Lock down lull was in fuIl swing for the entire nation, just a matter of weeks ago. But, all of a sudden everyone’s temporary grief is now navigating toward a new form of norm. But not us. Back in enforced lock down, I’m feeling bereaved. And it’s so dumb, so pointlessly pointless to feel so low! But my positivity pants are well and truly sagging I’m in a full on, lockdown lull and it hurts, like the worst grief ever!
Grief is the feeling of intense sorrow. Usually, in society it centres around death. We feel it when someone gets a terminal diagnosis or when we lose a loved one. Anticipatory grief takes that feeling of loss and anxiety one step further with imagined futures. Intrusive thoughts that focus on the possibility of a storm, a rough ride or an eventual loss. This form of grief can easily turn to anxiety, especially if actual events occur that reaffirm our fears.
During stage one of lockdown we all felt this anxiety and bereavement. In our individual ships we collectively weathered the storm as an entire nation we took on the rough seas of Covid-19.
But in those early days I managed to sail clear of the collective dip in metal health. I’m ashamed to say it but, I felt quite (silently) smug. Don’t get me wrong, I wasn’t living my best life, but I coped. I counted my weeks down and stayed focussed. Then, last week I just plummeted. Like, full on face planted the concrete.
I took the reenforced lockdown of Leicester personally. Like only I live in this city. As if this were my own personal form of punishment. Luckily mid, internal tantrum I caught sight of myself imploding in the mirror and felt like an absolute arsehole! I’m not hungry, homeless or unemployed, what right do I have to feel so sad? But I did, and it honestly hurt. My heart felt so heavy and sore. My motivation non existent, I felt like I was running on fumes.
Honestly I felt a little disappointed in myself, that I had lulled myself into the idea that I, we, were fine! Because stepping back and looking over my shoulder I can see the overwhelming sense of loss didn’t happen in one heavy blow. It actually wasn’t a full on slap to the face. The loss had been growing, ever so slightly from day one of Lockdown. Like a hair or piece of fluff on my face that I just couldn’t, quite brush off. Not exactly a full blown meh feeling, more an ever enhancing eh feeling. A weirdly familiar, lack of motivation slowly fuzzing over me. Like a pre-storm calm, an almost nothingness. A total lockdown lull. My version of survival mode being to switch off and go into auto-pilot.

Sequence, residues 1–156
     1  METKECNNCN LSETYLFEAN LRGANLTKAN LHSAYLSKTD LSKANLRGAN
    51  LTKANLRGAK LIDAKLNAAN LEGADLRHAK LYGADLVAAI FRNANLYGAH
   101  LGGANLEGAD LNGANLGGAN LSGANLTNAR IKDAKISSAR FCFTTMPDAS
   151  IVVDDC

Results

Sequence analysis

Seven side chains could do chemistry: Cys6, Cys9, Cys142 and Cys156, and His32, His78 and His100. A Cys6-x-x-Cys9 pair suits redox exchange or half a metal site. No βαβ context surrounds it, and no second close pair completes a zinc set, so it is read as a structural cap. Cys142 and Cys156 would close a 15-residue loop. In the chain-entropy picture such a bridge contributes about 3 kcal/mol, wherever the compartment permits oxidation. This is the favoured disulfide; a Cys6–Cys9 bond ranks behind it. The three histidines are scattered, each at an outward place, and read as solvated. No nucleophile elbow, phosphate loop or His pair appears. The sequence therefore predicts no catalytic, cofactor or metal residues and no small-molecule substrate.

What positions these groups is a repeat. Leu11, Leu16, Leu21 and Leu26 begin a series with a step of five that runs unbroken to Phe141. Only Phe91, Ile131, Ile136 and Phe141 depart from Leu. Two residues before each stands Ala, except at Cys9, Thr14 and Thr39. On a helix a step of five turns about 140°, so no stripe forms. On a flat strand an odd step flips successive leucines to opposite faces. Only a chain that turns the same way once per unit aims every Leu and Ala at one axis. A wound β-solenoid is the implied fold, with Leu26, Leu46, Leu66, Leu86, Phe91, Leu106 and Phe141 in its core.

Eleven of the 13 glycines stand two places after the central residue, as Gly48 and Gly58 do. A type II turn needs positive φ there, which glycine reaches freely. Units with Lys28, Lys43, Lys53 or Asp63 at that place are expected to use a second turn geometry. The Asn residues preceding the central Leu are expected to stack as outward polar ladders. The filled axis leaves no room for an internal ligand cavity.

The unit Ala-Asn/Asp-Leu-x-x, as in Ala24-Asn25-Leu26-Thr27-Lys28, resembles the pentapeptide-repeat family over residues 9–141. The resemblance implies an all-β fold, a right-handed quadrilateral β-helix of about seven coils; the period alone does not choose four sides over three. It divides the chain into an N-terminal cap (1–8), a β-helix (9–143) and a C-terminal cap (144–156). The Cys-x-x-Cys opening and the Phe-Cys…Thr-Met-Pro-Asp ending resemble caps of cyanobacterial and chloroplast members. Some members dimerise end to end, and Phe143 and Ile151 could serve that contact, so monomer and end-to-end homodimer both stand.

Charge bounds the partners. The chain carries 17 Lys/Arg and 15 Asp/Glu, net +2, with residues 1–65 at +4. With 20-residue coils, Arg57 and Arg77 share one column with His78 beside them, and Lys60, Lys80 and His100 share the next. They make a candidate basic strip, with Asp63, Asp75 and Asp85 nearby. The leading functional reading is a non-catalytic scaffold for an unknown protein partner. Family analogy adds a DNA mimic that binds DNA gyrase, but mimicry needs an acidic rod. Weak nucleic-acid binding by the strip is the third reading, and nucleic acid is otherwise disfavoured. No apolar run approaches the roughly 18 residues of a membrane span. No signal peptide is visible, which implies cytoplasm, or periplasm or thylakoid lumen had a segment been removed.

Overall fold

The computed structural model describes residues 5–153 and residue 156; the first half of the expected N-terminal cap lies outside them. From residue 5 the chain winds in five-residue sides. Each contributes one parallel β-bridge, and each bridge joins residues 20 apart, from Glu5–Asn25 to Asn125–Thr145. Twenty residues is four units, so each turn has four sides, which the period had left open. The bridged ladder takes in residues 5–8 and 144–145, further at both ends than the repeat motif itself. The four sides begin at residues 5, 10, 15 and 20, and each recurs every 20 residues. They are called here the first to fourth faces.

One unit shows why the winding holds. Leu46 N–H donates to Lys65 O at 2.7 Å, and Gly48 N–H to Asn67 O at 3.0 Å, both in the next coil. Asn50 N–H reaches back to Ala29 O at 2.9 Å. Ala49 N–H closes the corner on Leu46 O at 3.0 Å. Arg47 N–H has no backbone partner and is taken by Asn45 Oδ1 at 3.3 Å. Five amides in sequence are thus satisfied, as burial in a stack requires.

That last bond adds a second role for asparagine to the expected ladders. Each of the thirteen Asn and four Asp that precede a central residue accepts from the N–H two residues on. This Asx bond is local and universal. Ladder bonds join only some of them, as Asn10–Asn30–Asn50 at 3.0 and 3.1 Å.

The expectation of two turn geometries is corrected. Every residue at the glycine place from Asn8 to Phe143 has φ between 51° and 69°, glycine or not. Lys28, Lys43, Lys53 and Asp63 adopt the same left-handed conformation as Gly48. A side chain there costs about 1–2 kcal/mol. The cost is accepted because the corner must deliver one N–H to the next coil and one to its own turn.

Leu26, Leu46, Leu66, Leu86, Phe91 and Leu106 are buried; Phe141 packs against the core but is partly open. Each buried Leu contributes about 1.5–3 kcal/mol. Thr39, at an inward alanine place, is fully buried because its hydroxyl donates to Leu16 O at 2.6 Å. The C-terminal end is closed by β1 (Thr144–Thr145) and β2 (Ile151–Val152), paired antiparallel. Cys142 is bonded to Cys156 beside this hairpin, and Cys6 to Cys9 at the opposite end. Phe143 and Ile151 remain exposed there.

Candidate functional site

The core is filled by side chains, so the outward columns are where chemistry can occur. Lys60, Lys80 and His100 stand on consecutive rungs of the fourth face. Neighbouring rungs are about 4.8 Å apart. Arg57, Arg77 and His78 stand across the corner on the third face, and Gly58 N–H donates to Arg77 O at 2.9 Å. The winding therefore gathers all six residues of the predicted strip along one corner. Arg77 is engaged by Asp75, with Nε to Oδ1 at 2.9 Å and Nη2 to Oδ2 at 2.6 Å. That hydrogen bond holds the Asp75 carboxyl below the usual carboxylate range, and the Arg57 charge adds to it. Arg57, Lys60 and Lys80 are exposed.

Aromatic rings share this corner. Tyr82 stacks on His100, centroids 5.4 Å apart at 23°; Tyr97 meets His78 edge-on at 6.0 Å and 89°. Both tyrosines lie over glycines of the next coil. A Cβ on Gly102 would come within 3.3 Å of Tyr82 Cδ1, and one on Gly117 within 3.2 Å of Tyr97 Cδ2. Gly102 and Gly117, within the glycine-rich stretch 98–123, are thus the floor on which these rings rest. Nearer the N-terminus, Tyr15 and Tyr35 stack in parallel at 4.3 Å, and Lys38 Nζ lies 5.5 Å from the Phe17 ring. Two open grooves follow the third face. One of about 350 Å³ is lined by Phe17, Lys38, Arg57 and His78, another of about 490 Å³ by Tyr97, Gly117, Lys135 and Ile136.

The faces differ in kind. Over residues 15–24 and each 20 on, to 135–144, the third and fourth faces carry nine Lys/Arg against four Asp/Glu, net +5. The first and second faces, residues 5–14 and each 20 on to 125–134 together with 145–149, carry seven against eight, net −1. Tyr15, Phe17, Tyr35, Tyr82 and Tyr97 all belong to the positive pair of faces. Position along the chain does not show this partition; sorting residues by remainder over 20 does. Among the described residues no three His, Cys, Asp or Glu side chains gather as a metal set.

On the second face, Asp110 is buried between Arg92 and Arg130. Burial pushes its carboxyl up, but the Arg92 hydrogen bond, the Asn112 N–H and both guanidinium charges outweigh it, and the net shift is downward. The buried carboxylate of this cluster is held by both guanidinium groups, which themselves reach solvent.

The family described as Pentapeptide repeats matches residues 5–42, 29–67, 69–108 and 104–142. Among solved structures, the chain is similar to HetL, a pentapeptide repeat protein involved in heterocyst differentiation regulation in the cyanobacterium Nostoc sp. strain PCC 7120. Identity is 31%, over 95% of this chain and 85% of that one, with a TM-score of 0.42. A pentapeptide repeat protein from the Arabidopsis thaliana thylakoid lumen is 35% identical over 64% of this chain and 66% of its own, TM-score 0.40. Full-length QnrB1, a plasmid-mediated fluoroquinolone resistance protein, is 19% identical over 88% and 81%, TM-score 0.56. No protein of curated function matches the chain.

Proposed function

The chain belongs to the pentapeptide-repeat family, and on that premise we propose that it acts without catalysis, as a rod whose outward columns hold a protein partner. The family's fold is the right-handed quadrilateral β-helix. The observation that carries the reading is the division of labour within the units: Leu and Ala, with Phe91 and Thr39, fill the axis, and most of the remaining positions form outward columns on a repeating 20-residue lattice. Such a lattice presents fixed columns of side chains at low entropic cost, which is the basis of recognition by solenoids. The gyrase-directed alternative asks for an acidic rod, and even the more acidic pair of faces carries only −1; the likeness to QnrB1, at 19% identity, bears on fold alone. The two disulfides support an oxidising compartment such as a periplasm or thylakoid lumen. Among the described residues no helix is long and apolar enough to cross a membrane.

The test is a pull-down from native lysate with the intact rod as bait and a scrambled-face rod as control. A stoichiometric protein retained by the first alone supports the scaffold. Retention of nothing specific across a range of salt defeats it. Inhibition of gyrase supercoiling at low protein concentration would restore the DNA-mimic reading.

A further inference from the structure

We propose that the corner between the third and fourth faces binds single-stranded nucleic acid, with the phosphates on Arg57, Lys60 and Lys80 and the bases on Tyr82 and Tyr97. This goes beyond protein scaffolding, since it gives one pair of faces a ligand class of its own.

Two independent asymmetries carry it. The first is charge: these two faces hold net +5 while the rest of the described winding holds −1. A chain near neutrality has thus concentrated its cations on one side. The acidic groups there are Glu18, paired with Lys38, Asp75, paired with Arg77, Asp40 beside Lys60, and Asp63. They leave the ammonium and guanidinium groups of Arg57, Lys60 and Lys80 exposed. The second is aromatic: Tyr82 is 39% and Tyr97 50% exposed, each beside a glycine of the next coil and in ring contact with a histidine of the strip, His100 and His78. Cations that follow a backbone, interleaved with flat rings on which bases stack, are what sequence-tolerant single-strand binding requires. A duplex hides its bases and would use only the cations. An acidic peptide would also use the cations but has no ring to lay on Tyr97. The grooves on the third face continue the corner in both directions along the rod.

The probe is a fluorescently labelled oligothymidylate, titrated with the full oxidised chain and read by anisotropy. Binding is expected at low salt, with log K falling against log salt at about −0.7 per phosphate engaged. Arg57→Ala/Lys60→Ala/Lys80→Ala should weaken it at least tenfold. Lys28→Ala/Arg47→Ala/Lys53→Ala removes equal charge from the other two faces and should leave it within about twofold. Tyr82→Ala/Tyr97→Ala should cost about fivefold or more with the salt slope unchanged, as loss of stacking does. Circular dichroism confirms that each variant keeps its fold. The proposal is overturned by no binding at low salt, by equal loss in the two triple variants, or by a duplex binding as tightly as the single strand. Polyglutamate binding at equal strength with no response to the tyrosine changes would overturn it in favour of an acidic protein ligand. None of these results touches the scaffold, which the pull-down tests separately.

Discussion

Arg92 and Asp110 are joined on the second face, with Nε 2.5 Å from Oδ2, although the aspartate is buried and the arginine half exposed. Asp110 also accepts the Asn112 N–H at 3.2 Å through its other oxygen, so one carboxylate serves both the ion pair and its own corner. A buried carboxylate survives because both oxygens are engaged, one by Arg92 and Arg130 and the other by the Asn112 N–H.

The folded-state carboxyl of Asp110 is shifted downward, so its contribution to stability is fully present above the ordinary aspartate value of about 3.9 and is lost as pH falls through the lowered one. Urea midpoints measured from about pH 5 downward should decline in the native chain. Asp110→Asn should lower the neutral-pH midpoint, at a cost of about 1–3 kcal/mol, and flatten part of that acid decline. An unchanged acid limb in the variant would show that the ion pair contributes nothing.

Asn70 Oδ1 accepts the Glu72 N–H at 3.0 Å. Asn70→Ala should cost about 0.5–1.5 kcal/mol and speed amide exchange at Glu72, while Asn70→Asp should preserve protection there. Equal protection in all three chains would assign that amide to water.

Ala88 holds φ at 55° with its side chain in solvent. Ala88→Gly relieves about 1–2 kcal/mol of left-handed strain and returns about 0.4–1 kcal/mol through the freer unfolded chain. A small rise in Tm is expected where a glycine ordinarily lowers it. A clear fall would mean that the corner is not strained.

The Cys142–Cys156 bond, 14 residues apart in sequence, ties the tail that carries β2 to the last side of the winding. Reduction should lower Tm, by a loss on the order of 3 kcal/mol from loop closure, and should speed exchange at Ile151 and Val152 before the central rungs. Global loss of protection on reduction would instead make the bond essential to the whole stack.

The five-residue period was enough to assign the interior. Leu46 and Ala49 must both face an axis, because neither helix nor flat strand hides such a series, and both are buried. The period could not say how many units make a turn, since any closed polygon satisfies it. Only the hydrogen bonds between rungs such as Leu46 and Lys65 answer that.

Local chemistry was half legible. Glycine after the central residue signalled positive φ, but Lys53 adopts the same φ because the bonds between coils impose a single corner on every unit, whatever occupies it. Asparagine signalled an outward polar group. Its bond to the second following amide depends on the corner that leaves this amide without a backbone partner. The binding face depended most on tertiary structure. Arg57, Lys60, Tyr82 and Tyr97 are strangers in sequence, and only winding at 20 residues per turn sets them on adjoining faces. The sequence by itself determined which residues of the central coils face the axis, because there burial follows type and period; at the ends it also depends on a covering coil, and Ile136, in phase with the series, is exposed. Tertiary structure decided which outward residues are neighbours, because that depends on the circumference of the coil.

A friend exclaimed.
“You’re feeling a sense of loss, we all are! It’s just now you feel everyone else is moving on, while you’re still stuck in lockdown limbo.”
And at that moment I realised why this felt so familiar. This was grief! I’d felt this way before, the last time I miscarried. That sense of bereavement of something intangible, losing someone you had never met. The dissipation of hopes and possibilities and the left over shells (of what could have been). Tip toeing as everyone else just carried on. I went into isolation then to.
Maybe that was why those first weeks felt so comfortable and normal. I’d already mapped out this voyage, I’d been here before. The only difference then was that, that lockdown wasn’t enforced, it had been self-prescribed. I was able (back then) to slowly re-emerge/reconnect in my own time. Where as this, this felt over powering. Bigger than me. Like a child being frog marched to the head’s office, by the scruff of their neck.
The third stage of grief is anger and the fourth depression. Acknowledging grief at this stage can be hugely soothing. As the only steps left are; 5: Upward turn, 6:Reconstruction and working through, 7: Acceptance and hope. Hope maybe, that if I had been here before, then I knew my way back!
So, today as I traverse through the complexities of lockdown, I’m combating my grief by practising gratitude. Feeling grateful for my coffee, my home, my family, my life, for experience and even my loss. Because this will pass and just maybe the days to come will feel brighter because of those darker, stormier days.
Be kind to yourself,